I think your Chapter on Sexual Selection will do very well now. I have given a few pencil notes of modifications which will I think be clearer and more accurate.

I like your discussion of the origin of universal repugnance to incest very much, and I think you have solved the problem.

Yours very truly

Alfred R. Wallace.

IX.

May 3rd. 1891.

Dear Mr. Westermarck

I think it will be very injudicious to conclude your work with so comparatively unimportant a subject as The duration of Marriage. The book

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is such a vast accumulation of facts, that few but professed Anthropological students will read it through. It is therefore very important to give in a concluding Chapter, a Summary of the facts and conclusions arrived at in the whole work. This will be the only popular part of the book, and such a Chapter is absolutely necessary in order that the Reviewers may give a reasonably fair account of your Work. It will be wery easy for you to pass in review the various subjects you have treated, stating in each case your conclusions and how they differ from those of preceeding writers, and referring to the Chapters or pages where the facts are given on which your conclusion is founded. Such a Chapter will ensure good reviews, and in all probability double the sale of the book.

You might conclude with a few general philosophical reflexions on the bearing of the whole enquiry on the future of Marriage. You might perhaps be interested to read an article of mine in the »Fortnightly Review» of September 1890 which incidentally gives my ideas on that point.

I see that a french writer has just anticipated your work. I saw the advertisement the other day, but I forget where. No doubt you have heard of it. It might be as well to refer to it, either in the concluding Chapter or in the Preface.

Yours very truly

Alfred R. Wallace.

X.

May 14th. 1891.

Edward Westermarck, Esq.

My dear Sir

I return you the last proof. I have made one or two verbal suggestions, — especially »marriage» in place of »sexual intercourse» because

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this last chapter will be the most read, and it is well to be as reticent as possible.

I enclose also a »Prefatory Note», which I suppose is something of the kind that you and Messrs Macmillan wish for.

Yours very truly

Alfred Wallace.

XI.

May 22nd. 1891.

Edw. Westermarck, Esq.

Dear Sir

I wish to inform you that I shall be from home on Monday and Tuesday next, and perhaps again at the end of the week. I shall be glad to see you on Wednesday if you can come on that day. If not then the week after.

Yours faithfully

Alfred R. Wallace.

XII.

[Postmark: Parkstone Ju. 2. 91.]

[Post card addressed to] Edward Westermarck, Esq. 15, Bedford Place, Russell Square, London W. C.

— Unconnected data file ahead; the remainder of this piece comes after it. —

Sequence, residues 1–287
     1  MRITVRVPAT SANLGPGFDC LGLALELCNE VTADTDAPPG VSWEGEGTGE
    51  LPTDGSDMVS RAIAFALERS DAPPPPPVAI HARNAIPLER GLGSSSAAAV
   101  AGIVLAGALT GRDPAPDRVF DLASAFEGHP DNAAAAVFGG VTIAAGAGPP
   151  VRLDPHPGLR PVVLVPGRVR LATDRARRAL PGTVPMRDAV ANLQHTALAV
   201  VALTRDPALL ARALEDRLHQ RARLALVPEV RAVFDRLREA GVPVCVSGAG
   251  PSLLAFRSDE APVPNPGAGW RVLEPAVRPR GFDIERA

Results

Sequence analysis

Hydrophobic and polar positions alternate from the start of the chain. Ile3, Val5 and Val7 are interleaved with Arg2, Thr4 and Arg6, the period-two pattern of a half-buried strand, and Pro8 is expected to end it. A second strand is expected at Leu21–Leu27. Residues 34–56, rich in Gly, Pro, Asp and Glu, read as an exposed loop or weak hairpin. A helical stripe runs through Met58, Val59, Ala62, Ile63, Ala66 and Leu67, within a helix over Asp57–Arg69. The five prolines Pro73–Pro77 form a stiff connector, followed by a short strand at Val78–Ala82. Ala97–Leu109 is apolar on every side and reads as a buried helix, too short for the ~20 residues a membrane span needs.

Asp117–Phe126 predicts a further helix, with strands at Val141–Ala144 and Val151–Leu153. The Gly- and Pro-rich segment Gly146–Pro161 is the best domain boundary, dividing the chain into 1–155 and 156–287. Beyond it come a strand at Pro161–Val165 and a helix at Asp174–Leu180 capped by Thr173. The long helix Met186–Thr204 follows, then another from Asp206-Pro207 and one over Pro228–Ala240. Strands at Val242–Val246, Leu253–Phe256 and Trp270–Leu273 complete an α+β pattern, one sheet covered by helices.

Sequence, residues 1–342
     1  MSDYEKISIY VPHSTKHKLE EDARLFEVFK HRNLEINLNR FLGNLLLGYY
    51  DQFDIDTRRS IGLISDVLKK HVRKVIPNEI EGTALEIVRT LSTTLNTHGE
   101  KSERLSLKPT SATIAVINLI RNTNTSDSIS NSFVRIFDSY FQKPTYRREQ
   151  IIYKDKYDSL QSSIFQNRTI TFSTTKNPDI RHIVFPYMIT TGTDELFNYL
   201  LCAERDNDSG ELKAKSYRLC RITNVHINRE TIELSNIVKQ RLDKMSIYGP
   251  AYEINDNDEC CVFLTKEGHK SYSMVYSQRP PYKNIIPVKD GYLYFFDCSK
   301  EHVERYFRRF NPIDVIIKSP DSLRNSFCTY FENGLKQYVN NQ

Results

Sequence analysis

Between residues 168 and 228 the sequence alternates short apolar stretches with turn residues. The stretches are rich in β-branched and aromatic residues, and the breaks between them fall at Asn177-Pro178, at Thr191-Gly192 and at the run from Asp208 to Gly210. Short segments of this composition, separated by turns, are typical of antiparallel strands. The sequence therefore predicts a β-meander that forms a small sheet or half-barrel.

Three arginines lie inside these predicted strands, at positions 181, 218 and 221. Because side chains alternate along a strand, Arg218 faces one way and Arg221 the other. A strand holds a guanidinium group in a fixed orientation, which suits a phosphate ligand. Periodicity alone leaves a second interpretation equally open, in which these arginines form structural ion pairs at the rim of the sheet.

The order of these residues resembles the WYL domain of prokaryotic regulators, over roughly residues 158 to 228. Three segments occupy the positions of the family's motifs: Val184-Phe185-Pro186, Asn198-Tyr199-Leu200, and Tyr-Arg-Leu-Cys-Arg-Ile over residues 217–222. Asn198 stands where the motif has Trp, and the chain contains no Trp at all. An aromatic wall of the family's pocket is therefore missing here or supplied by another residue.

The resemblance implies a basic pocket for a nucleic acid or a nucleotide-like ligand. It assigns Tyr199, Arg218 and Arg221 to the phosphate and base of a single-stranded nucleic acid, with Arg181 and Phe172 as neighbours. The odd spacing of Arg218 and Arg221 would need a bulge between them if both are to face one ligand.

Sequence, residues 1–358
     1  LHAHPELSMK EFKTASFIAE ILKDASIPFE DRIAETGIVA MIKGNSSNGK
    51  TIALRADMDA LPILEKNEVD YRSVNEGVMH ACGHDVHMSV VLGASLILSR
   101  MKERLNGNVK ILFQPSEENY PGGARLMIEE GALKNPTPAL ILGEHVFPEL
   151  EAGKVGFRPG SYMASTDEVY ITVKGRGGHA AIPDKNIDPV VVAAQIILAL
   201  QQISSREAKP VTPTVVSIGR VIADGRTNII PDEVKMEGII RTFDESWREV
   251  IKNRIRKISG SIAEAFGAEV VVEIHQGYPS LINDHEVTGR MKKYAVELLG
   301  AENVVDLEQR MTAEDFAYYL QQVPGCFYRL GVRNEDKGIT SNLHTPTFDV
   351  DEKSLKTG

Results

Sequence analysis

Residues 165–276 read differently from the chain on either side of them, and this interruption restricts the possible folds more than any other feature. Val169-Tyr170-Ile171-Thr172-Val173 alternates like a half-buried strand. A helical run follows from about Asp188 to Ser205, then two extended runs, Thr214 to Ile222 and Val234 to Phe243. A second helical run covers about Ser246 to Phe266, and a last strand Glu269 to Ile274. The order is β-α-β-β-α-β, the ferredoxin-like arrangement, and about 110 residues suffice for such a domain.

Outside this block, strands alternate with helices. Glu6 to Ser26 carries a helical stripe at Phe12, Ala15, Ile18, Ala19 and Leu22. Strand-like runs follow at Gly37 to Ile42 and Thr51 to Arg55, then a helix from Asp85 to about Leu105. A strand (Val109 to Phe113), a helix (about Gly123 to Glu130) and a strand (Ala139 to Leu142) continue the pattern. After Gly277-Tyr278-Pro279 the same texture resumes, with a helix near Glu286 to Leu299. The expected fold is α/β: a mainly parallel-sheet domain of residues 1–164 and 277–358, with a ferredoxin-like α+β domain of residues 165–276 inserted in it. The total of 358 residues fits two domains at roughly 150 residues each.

Dr. Sir

I sent revise of the introductory note to the printers marked »Press». There were no further corrections.

Yours truly

Alfred R. Wallace.

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XIII.

Jany. 20th. 1892.

Dear Mr Westermarck.

Many thanks for your letter and your kind offer to send me some views of your Scenery which will be very acceptable.

I am very glad to see that Macmillan has brought out your book in such a handsome volume, and I trust that it is selling satisfactorily and that it will, notwithstanding its peculiar subject and somewhat repulsive details bring you in a moderate return besides bare reputation.

I quite think with you that Prof. Robertson Smith's criticism is altogether erroneous, — but then he evidently has not grasped the wide-reaching principle of natural-selection as you have done. For want of this he does not see that in the case he refers to individual variations are all that are required to bring the »group» into existence, and thus his criticism that you postulate the thing to be explained falls to the ground. To naturalists the very objections of Prof. R. Smith that you assume the laws of society (as regards marriage) to be in many cases »formulated instincts» will seem the greatest merit of your book.

It is so many years since I read much of Anthropology that I made a very stupid mistake in naming Prof. E. Tylor among those who had adopted the views of McLennan etc. I have written to Macmillan to insert an »Erratum» slip in all copies on hand, and to omit his name from any reprint. I still differ from you on the sexual origin of dress. I do not know if any of your critics have touched on this. It is however not a very important matter.

Believe me

Yours very faithfully

Alfred R. Wallace.

P. S. Your facts about the Foula intermarriages are very interesting. The community being so small there can be no adequate selection, — and this would also be the case amoung the small tribes of most savages.

A. R. W.

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XIV.

Oct. 30th. 1893.

Dear Mr Westermarck

From the Maps of rain distribution in Africa in Stanford's Compendium, the dryest months in the Gorilla country seem to be January and February, and these would be probably the months of greatest fruit supply. But in the regions close to the equator there is usually so much sunshine and the rain is so equally distributed that fruits are to be found — green or ripe — all the year round.

I found the young sucking orang-utan in May, and that was about the 2nd or 3rd month of the dry season in which fruits began to be plentiful and continued so till October, as far as I remember. There were however always showers.

The great man-like apes are I think confined to these equatorial regions on account of there being both continous forest for protection and a continous fruit supply for food. Probably the low and high grounds supply fruit att different seasons. Also the swamps and the mountains.

Yours very truly

Alfred R. Wallace.